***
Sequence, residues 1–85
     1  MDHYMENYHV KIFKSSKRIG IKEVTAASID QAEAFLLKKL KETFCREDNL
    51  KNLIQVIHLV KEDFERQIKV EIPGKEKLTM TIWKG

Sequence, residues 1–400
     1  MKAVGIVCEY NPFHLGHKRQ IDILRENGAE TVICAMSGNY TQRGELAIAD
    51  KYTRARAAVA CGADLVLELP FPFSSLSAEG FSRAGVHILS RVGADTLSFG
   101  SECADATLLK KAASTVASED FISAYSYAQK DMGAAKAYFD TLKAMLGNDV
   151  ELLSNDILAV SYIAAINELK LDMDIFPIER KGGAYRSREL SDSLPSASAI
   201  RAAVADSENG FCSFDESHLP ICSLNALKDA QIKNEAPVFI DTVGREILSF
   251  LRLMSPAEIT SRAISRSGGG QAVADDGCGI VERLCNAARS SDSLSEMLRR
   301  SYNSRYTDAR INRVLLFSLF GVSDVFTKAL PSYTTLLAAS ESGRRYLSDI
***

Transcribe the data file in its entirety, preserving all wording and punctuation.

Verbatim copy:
Sequence, residues 1–85
     1  MDHYMENYHV KIFKSSKRIG IKEVTAASID QAEAFLLKKL KETFCREDNL
    51  KNLIQVIHLV KEDFERQIKV EIPGKEKLTM TIWKG

Sequence, residues 1–400
     1  MKAVGIVCEY NPFHLGHKRQ IDILRENGAE TVICAMSGNY TQRGELAIAD
    51  KYTRARAAVA CGADLVLELP FPFSSLSAEG FSRAGVHILS RVGADTLSFG
   101  SECADATLLK KAASTVASED FISAYSYAQK DMGAAKAYFD TLKAMLGNDV
   151  ELLSNDILAV SYIAAINELK LDMDIFPIER KGGAYRSREL SDSLPSASAI
   201  RAAVADSENG FCSFDESHLP ICSLNALKDA QIKNEAPVFI DTVGREILSF
   251  LRLMSPAEIT SRAISRSGGG QAVADDGCGI VERLCNAARS SDSLSEMLRR
   301  SYNSRYTDAR INRVLLFSLF GVSDVFTKAL PSYTTLLAAS ESGRRYLSDI